The challenger has a good pedigree. No doubt he’s bright, getting his graduate degree at the London School of Economics in 1991. He subsequently served as a policy wonk for Windsor Mayor Mike Hurst for 12 years.
After that he joined Hurst as an employee with Borealis, the commercial wing of the OMERS pension plan, which partnered with CP Rail in a bid to raise $400 million to build an enlarged rail tunnel under the Detroit River to accommodate double-decker trains.
Francis, a Hurst antagonist, balked at all attempts to get the city to support the project and it died in 2012, after which Marchand was hired to lead the Chamber. One of his first endeavours was to produce a study that concluded the city business taxes were unsustainable. Francis called Marchand on the carpet, and the study faded into oblivion.
During the rest of his tenure, Marchand worked collaboratively with labour on a number of strategies, government lobby campaigns and forums, culminating in the appearance of Unifor kingpin Dino Chiodo offering support at the kick-off.
Dilkens is generally abhorred by labour, as was Francis. Both of them contracted out city work, notably garbage collection. The latest episode was Council’s in camera reversal, whipped by Dilkens, to reverse a decision NOT to contract out janitorial work.The incumbent has shown a penchant for ramming things through behind closed doors and doubling down on dissenters. Witness the stupid integrity commissioner power play to force Councillor Rino Bortolin to apologize multiple times for one indiscrete comment.
Ironically, word on the street is the Chamber’s core executive group was not happy with Marchand cozying up to labour, and specifically his initial soft peddling on the province’s move to increase minimum wage.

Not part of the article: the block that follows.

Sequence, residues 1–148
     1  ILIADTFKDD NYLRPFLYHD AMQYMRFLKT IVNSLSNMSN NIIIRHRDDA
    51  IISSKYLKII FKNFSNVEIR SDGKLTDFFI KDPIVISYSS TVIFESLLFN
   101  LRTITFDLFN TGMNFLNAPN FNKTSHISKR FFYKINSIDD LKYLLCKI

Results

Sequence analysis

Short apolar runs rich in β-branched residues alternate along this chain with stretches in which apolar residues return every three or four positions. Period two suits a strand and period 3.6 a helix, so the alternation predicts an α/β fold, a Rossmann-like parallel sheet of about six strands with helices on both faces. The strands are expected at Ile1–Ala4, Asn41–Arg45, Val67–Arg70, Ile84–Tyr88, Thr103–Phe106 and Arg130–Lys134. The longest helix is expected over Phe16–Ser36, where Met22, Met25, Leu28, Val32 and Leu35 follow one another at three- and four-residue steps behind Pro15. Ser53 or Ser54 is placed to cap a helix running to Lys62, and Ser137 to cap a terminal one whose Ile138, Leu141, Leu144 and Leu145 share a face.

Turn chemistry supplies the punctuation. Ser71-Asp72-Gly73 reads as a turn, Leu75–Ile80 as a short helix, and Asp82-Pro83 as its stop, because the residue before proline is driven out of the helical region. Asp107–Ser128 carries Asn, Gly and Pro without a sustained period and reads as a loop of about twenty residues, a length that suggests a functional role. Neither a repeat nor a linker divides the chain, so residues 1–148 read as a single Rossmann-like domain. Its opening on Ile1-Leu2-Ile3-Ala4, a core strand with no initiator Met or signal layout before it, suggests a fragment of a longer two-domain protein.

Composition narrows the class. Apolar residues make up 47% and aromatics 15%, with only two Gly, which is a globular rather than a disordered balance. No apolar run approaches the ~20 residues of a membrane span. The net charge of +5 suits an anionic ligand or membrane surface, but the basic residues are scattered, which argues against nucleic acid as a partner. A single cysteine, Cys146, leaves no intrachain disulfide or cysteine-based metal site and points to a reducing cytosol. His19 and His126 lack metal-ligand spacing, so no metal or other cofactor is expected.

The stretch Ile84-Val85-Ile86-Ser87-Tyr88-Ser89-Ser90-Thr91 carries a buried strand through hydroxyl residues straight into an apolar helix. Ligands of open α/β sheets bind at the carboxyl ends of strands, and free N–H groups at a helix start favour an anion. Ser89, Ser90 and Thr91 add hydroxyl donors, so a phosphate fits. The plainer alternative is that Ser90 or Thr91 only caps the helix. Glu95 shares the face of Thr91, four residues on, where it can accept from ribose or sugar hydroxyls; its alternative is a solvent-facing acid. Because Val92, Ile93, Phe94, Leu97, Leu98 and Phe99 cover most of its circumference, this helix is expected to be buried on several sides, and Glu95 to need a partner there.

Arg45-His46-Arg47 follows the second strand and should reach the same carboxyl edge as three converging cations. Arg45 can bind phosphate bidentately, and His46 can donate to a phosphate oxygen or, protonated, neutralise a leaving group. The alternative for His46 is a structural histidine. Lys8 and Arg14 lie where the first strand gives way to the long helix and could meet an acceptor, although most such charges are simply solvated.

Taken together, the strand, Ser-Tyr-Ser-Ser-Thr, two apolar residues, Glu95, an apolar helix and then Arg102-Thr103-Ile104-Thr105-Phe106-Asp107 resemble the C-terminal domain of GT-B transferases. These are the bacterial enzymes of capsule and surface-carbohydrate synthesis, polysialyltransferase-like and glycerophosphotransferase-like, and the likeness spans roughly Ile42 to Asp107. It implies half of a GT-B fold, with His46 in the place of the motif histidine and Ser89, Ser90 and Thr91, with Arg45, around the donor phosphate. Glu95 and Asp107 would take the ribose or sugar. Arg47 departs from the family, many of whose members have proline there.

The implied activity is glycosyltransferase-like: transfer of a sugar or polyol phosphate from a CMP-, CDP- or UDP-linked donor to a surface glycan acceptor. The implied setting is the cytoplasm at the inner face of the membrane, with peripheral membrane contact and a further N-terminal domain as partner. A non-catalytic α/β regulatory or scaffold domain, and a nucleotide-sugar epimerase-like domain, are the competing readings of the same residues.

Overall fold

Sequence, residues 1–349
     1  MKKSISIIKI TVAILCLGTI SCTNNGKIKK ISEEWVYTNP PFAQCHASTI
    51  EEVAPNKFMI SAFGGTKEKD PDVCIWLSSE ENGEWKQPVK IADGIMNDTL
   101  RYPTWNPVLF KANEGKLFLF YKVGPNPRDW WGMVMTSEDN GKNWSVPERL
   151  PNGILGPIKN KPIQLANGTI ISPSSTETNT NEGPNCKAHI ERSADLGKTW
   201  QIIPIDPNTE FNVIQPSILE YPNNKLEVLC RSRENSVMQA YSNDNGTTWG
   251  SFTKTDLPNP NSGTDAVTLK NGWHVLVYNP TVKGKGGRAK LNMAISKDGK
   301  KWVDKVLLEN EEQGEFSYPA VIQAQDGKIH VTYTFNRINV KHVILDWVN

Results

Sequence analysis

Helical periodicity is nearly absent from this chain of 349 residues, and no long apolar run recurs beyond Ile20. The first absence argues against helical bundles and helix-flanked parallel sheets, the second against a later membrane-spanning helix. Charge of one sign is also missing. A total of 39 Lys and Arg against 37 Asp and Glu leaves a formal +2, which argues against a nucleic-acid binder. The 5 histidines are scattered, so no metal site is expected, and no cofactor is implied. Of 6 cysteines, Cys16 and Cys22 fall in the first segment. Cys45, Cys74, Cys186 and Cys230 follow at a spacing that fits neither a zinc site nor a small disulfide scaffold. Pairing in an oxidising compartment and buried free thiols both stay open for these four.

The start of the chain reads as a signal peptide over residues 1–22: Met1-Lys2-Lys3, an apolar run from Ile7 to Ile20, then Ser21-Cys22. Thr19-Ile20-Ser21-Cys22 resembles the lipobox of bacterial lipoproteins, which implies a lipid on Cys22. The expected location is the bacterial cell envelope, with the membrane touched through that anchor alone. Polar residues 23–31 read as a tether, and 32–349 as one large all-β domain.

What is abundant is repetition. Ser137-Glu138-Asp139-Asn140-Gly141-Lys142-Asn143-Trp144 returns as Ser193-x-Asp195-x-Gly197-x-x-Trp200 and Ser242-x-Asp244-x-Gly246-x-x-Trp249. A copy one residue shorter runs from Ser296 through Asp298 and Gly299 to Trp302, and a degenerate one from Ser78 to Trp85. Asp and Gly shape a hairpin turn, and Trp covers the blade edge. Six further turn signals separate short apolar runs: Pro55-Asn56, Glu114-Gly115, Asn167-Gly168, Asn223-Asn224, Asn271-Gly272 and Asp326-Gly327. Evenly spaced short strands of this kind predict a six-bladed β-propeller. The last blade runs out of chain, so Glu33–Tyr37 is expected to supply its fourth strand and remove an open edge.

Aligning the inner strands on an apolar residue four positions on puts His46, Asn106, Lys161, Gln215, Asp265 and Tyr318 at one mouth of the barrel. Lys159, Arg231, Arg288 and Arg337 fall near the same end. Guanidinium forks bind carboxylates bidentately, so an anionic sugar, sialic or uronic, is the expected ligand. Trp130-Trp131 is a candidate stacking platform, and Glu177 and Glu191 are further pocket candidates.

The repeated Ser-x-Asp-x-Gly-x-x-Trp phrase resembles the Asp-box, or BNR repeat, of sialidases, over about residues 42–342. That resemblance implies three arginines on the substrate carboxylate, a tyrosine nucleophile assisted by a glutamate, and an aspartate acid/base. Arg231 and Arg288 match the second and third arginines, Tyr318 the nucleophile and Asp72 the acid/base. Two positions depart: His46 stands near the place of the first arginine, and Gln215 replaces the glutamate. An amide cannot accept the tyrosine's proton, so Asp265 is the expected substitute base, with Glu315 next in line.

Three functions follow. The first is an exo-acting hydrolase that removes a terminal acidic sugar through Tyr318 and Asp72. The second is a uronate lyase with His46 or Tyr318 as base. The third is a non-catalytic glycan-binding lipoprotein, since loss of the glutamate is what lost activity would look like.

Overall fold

Expect the right wing of the city’s mainstream media to discredit Marchand for his choice of collaborators. Unfairly painting previous mayoral opponents, Millson and Rick Limoges, as labour lackeys worked well for the Francis juggernaut.
The city needs Marchand to rise above that. He should not be afraid to change his message of June 19 that his candidacy is not about anyone in particular. Stop with the deferential stuff and start poking the Dilkens bear.
Eliminating the enhanced capital budget practice would be a good tipping point when Marchand lays out his platform over the next three months.
Although sparse with details, Marchand has pinpointed Windsor’s crumbing roads and sewers as his priorities. That resonates with citizens who see Windsor as “Pothole City.” He could ask Dilkens why Windsor has four of the worst roads in Southwestern Ontario, according to a national survey.
Marchand could also highlight the baffling decision to sell the central library to the Downtown Mission and to spend $1.3 million on a temporary library within the new City Hall before building a permanent one.
He could ask what the latest deficits are at the downtown and east end aquatics centres, and how many jobs the tax-funded businesses on Windsor’s airport lands have NOT created. There’s the $120,000 donation to a pro golf tournament, the $50,000 a year to the “Detroit Grand Prix” . . . and the list goes on.
Get busy Matt!
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The opinions expressed by Alan Halberstadt are not necessarily those of Biz X magazine or its advertisers.